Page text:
I guess if you’re pressed to name a dish that is representative of Hong Kong street food, the answer would be wanton mee (wonton noodles). I’ve had it several times during my recent trip to Hong Kong – it’s a very light meal with subtle notes – there are no overpowering flavors here.
The best wanton mee I had came piping hot with al dente noodles and a couple of wontons in a savory broth garnished with a healthy sprinkling of scallions (spring onions). Simple, but delicious.
It is interesting to note that the wontons in Hong Kong are made with prawns, with just a little bit of pork. It usually is made of pure pork over here and I much prefer the prawn wontons in HK.
You’ll be very surprised at just how such a simple dish can taste fabulous. I was told that it’ll be difficult to find a place that serves bad wonton mee in Hong Kong and they were right! Just walk into any establishment in HK and you’ll find great wonton mee. 🙂
No, I don’t know why there’s a shirtless man behind me either.
29 thoughts on “Wanton mee in Hong Kong”
dayum ~~ Authentic wanton mee. No sui kau on the side ? =D
Haha! To be honest we were pretty full almost all of the time in Hong Kong coz we wanted to try so much stuff.
…in the end we just shared a single portion of everything so we could eat more. 🙂
The wanton mee is damn good in HK. 😀
Nice ~~ There is sooo much food to try ~
By the way ,do they serve dry wanton mee ?
Yup, HK is a food paradise too. 🙂
Hmm…I guess they do but I haven’t seen anyone order it.
I love prawn and pork wonton over pork ones too.
I feel that the presence of the prawn adds a diff. feel to it. Hehe
Yup, it tastes better eh Michelle? 🙂
The prawn imparts a certain sweetness to the wonton and the bit of minced pork rounds it up.
It tastes better than the pure pork ones over there. 😀
Better than Sibu kampua and pian sip? I guess not. Hahahahaha!!!!
Heh! You know, it tastes a little bit like “cin tan mee” – the ones you can get at kampua places where they do a soup dish instead of a dry one?
However, the noodles they use is very different, I like the noodles there.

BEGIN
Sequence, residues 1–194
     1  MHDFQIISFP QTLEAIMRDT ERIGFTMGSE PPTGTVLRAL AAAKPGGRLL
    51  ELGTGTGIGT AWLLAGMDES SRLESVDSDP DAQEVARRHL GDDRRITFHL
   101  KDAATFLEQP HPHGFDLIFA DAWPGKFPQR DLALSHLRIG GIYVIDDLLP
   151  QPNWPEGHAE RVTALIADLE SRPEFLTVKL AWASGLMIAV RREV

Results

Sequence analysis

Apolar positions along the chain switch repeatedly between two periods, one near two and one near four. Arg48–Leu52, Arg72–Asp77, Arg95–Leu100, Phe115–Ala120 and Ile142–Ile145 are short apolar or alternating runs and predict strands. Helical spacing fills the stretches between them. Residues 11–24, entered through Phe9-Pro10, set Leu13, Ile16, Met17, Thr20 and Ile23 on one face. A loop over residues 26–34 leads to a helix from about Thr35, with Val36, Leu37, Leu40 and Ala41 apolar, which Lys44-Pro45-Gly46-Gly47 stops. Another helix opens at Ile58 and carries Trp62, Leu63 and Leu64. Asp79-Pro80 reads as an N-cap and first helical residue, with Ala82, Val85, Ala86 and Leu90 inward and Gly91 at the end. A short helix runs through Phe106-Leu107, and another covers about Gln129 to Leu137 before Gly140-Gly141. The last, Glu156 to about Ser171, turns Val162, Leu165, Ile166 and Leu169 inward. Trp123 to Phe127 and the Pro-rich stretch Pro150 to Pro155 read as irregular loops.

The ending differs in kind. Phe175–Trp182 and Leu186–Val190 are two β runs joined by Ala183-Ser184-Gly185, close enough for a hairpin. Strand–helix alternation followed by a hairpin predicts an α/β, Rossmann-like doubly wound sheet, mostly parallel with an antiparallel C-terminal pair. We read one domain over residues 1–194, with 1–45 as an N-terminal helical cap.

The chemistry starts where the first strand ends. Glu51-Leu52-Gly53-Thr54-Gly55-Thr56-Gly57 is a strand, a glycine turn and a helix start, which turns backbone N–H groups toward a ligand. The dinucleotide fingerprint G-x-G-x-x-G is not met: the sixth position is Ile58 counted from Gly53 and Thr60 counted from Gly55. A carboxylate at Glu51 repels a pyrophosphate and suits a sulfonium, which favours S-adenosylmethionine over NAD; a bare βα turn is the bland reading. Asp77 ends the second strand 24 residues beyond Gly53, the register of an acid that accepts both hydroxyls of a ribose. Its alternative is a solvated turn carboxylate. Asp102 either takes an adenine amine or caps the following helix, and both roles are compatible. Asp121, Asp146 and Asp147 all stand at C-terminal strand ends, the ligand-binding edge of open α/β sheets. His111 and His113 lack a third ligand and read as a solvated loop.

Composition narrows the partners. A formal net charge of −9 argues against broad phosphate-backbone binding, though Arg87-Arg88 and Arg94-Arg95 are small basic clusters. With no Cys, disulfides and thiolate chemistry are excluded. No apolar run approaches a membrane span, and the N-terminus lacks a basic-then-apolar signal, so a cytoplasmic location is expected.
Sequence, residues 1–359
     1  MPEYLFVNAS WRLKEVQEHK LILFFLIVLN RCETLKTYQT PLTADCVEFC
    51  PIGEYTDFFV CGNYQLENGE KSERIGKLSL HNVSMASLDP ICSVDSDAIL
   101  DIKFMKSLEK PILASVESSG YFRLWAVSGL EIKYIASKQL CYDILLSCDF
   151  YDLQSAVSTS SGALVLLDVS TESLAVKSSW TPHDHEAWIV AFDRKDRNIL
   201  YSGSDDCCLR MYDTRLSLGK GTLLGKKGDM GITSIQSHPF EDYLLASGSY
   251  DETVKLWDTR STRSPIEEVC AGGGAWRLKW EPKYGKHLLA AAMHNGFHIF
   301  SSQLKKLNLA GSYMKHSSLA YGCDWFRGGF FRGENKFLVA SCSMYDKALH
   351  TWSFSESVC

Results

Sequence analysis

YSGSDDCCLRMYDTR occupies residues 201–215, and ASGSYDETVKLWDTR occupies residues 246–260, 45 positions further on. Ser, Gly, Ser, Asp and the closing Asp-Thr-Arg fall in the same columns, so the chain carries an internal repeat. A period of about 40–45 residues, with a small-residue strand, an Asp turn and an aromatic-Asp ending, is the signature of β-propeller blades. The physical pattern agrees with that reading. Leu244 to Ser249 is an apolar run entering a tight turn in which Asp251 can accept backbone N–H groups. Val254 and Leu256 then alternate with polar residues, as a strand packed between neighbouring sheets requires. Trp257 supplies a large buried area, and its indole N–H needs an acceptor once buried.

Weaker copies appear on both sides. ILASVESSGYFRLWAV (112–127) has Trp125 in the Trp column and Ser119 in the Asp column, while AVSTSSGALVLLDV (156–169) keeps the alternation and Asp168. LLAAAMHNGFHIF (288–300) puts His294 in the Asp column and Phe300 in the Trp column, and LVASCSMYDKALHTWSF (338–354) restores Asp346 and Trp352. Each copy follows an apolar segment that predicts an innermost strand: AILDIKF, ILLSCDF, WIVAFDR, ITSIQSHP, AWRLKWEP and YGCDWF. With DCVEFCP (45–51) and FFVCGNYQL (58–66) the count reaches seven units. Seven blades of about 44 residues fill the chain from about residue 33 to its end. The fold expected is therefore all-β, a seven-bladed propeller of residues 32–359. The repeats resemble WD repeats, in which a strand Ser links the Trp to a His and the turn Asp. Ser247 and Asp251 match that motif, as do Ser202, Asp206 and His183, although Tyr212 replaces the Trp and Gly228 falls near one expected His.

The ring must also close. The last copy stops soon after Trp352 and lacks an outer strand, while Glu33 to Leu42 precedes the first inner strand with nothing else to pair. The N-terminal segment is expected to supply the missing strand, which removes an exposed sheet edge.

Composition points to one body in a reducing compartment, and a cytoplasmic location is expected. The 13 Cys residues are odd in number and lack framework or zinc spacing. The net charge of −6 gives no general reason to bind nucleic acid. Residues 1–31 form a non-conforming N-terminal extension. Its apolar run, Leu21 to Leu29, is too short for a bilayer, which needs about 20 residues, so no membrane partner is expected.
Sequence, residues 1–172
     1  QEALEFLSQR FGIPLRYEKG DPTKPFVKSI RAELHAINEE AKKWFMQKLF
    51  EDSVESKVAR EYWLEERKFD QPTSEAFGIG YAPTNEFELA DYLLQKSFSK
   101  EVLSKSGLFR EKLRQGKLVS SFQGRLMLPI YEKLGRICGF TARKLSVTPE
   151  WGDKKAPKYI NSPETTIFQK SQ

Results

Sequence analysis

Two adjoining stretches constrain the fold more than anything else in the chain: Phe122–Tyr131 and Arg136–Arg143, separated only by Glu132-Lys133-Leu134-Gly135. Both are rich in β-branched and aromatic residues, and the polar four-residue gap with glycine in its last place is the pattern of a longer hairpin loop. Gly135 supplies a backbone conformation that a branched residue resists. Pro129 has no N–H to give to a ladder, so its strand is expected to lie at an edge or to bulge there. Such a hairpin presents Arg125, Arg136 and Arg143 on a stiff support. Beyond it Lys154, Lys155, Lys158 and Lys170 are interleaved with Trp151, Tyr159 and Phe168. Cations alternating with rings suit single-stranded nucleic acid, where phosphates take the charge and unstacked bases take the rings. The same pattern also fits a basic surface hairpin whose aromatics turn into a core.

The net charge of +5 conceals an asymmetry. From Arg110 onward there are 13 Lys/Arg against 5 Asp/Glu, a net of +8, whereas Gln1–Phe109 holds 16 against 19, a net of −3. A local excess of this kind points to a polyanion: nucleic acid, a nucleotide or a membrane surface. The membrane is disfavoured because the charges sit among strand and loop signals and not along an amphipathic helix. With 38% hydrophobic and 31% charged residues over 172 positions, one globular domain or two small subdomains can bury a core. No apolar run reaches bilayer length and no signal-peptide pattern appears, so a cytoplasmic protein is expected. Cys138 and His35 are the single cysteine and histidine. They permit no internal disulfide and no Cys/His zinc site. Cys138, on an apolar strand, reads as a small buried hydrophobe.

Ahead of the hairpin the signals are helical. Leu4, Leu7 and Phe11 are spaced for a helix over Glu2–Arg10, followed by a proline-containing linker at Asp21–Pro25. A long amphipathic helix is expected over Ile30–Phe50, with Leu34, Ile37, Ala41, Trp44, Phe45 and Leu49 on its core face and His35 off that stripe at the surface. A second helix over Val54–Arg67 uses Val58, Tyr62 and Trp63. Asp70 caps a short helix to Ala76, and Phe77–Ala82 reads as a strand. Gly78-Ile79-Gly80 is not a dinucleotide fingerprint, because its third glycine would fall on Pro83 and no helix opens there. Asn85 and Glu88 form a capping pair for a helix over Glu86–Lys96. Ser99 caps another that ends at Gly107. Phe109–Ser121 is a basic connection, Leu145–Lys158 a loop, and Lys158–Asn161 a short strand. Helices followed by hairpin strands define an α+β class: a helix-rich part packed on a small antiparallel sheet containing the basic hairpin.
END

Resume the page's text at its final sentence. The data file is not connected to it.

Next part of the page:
Well, of course, growing up with kampua, I’ll have a special spot in my heart (or stomach) for that, but the Hong Kong wonton mee is really good and I don’t even like soup (as you know). Haha! 🙂
Damn I’m filled with envy Wei. I’d make this my deathrow meal anytime. Do u remember
The location of this place?
Yeah, it makes me feel like I’m home even though I’m not from Hong Kong. Heh.
Yup, this is opposite 88, Tai Kok Shui Road. 🙂
HB, there this shop in my neighborhood of Irving St. King of Wonton in San Francisco. Make own noodle and wrapers the old way with bamboo pole to knead the dough like in some part of Hong Kong and Canton. I never order just wonton for it always too little not enough for me . Wonton with noodle is the way to go to fill you up good.
Interesting! I hear there’s only one person who does that anymore in Hong Kong.
It’s just too tedious and time consuming.
I’ll love to try it though. 🙂
I guess the shirtless man just going around and ask 1 dollar…..1 dollar…… 1 dollar…..just like some people do it in Malaysia.
No, he wasn’t saying anything like that. He’s a customer, I don’t know why he took his shirt off either. 🙂
my grandma and my mum make wonton with prawn in it. don’t know if there’s any relation, but grandpa’s from hongkong so maybe it’s a cantonese thing… either was the prawn makes it awesome – not only does it impart some sweetness, it also give a little bit of a “crunch” to the wonton too…
Yup, I totally agree it tastes better too, Irene. Sweet. 🙂
Oh, that’s probably why then! 🙂
They make wontons with prawns primarily and a bit of pork mince in Hong Kong. It’s not made of pork – just a wee bit is added.
and they never come with char siu, wantan mee – only wantan!
Yup, that’s how they roll in Hong Kong. 🙂
It’s only wonton in wonton mee, no char siew on top.
The wantan mee over here has both, and the noodles are different. 😀
That’s true. Wanton mee in HK is very good but they are not cheap either. I think I used to pay more than RM10 for a bowl there last time.
Yeah, that’s about the standard price for meals in Hong Kong. I think HKD 30 per meal is considered cheap – even the street vendors selling stinky tofu charges HKD 9 (about RM 4) for it.
It’s not as bad as some other places, but yeah, it’s not as cheap as some either. 🙂
i had this too when i was in Macau. the lady opposite us ordered the dry version. thank god i didn’t order that, because i heard her saying “it’s soooooo dry”. it’s sorta like (extremely) dry meehoon (cos it’s thinner than the mee we have here) and yeah i love the shrimp-filled wanton. it’s different from what we have here huh
Nice! I didn’t eat wonton mee in Macau!
We only had it on Hong Kong.
Yeah, I would imagine it would be quite dry with the noodles they use. I love the shrimp wontons too! 😀
Personally, I prefer the dry version of wantan mee in Malaysia. But I have to admit that the good wantons are quite good in HK!
Well, I don’t usually like soup dishes but the wonton mee in Hong Kong is delicious! 🙂
Yeah, it’s the prawn and pork wontons that does it for me.
However, I do like kampua noodles, from my hometown. Probably coz I didn’t grow up in KL so I don’t prefer wantan mee, but I do crave for kampua mee. Heh.
Next time go try shrimp roes mee. I had in in Mak Man Kee, Hong Kong. It’s one of my favourite noodle to order whenever I go to Hong Kong or Macau.
Looks good! I’ll check it out next time I’m in Hong Kong bro. 🙂